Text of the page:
Both Pirates of the Carribean: Dead Men Tell No Tales and Baywatch received "rotten" scores in the aggregate review site Rotten Tomatoes, with the former getting 31% and the latter getting 18%. This isn't surprising. Who asked for a fifth Pirates of the Caribbean film? And why make a movie out of a 90's show that was mocked back then? With the price of cinematic experience getting more expensive these days, more people are relying on Metacritic and Rotten Tomatoes to decide whether or not a movie is worth the ticket price, and I'm glad that we're living in that era. Now, the studios are reportedly blaming the critic aggregate site for the films' disappointing box office results.
According to Deadline, Insiders close to both movies blame Rotten Tomatoes, saying that the "critic aggregation site increasingly is slowing down the potential business of popcorn movies. Pirates 5 and Baywatch aren't built for critics but rather general audiences, and once upon a time these types of films — a family adventure and a raunchy R-rated comedy — were critic-proof. Many of those in the industry severely question how Rotten Tomatoes computes the its ratings, and the fact that these scores run on Fandango (which owns RT) is an even bigger problem."
The report points out that the both films were on track to earn $90M-$100M over four and $50M over five days respectively, and when Rotten Tomatoes released their scores, their estimates dropped. The report also claims that some studio insiders want to hold off critic screenings until opening day or cancel them all together "There's just not a great date on the calendar to open a poorly reviewed movie," a studio marketing vet said.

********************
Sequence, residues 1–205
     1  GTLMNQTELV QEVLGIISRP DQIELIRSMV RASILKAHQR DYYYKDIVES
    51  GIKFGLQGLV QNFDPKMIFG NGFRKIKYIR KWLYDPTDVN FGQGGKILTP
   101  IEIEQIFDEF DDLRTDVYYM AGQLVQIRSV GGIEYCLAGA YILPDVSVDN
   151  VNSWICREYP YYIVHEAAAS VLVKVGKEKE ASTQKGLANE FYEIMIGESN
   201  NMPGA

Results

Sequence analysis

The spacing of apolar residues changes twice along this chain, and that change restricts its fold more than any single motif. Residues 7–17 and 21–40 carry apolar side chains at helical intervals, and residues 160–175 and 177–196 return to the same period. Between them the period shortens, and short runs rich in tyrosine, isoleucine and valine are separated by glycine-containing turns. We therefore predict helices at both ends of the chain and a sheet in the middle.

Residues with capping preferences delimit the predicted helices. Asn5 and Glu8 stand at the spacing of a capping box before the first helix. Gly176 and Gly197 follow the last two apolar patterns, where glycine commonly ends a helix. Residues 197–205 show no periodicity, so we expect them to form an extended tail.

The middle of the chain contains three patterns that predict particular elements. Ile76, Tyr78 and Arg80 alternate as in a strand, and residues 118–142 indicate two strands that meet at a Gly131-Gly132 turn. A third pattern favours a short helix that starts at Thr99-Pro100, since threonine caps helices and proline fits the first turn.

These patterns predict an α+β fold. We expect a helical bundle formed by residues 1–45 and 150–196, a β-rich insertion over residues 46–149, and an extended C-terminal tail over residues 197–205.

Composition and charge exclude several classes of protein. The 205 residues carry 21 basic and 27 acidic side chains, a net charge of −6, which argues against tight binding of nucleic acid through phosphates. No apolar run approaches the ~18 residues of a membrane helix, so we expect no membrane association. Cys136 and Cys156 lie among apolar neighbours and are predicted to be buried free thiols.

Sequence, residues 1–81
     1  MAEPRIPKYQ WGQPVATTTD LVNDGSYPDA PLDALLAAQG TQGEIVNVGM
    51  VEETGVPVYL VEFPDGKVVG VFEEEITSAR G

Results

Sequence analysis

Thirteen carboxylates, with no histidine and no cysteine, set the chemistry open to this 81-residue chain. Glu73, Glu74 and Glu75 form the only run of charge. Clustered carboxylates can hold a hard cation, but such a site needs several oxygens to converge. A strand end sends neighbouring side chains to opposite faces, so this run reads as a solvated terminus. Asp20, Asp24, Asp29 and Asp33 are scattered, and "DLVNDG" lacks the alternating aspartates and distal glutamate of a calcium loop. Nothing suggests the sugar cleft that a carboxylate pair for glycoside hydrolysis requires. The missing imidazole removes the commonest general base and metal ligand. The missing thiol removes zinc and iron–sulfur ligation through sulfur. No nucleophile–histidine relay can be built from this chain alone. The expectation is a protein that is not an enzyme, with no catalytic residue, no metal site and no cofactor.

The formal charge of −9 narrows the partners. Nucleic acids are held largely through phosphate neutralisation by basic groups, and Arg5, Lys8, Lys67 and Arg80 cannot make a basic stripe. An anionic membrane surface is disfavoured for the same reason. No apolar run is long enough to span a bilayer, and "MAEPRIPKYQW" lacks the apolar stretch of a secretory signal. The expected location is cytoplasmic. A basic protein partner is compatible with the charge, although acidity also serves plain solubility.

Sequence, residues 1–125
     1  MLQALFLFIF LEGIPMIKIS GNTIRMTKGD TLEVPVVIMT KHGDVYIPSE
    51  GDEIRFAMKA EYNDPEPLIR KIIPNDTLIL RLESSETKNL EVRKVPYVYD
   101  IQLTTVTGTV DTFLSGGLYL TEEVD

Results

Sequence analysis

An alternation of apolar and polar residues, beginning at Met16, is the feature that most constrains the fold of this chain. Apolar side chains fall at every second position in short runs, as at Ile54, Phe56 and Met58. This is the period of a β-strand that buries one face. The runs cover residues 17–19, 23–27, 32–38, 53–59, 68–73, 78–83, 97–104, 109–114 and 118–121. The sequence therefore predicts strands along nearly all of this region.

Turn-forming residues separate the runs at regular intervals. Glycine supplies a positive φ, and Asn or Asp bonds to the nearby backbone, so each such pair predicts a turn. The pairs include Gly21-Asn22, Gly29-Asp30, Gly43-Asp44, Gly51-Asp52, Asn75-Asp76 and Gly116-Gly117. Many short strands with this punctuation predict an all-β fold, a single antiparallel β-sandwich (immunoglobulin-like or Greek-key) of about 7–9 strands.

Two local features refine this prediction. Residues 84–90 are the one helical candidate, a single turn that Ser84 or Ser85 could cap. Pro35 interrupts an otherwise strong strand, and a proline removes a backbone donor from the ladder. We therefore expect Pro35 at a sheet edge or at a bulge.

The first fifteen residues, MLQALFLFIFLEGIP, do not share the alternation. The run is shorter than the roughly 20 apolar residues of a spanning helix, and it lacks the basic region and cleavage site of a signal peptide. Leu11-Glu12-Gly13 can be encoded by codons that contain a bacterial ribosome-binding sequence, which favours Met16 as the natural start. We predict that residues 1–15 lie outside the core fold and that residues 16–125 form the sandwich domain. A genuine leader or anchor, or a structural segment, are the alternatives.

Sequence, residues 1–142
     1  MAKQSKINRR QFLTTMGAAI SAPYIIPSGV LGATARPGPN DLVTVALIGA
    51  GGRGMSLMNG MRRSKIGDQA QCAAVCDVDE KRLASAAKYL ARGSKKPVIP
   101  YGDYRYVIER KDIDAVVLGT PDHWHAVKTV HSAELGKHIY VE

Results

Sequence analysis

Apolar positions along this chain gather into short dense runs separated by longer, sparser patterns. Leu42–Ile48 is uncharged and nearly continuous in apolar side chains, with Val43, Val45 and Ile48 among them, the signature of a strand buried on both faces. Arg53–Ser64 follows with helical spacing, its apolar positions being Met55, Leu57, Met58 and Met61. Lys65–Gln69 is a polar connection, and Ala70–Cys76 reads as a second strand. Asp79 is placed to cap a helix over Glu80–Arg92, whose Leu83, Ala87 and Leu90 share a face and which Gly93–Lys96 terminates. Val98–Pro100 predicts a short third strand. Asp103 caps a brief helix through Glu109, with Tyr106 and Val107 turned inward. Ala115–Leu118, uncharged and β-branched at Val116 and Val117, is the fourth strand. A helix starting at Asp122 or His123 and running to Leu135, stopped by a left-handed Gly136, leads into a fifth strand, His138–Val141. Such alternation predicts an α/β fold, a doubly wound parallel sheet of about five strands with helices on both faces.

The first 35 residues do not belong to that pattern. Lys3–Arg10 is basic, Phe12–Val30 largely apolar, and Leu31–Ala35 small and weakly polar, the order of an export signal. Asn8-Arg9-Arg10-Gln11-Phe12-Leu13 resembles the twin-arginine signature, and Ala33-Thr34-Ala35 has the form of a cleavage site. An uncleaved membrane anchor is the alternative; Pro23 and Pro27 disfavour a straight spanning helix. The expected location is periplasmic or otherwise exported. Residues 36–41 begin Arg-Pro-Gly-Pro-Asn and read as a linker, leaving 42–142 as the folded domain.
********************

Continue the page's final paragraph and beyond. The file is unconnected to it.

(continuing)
I don't know why the studios actually considered making these garbage films. When i saw the trailers for both Pirates and Baywatch, I just had a feeling that they're both gonna flop. Why are the studios blaming critics when their films are tanking at the box office? Why not just focus on making more creative films? Thank Rotten Tomatoes for helping people determine which movies are worth watching in theaters.
It looks like Steven Spielberg's meaningful quote is becoming more prophetic by the year. Here's what he said to THR:
"There's eventually going to be an implosion — or a big meltdown. There's going to be an implosion where three or four or maybe even a half-dozen megabudget movies are going to go crashing into the ground, and that's going to change the paradigm. We were around when the Western died and there will be a time when the superhero movie goes the way of the Western. It doesn't mean there won't be another occasion where the Western comes back and the superhero movie someday returns."
Hopefully, this will teach studios a lesson on what to focus on next and which franchises to discontinue.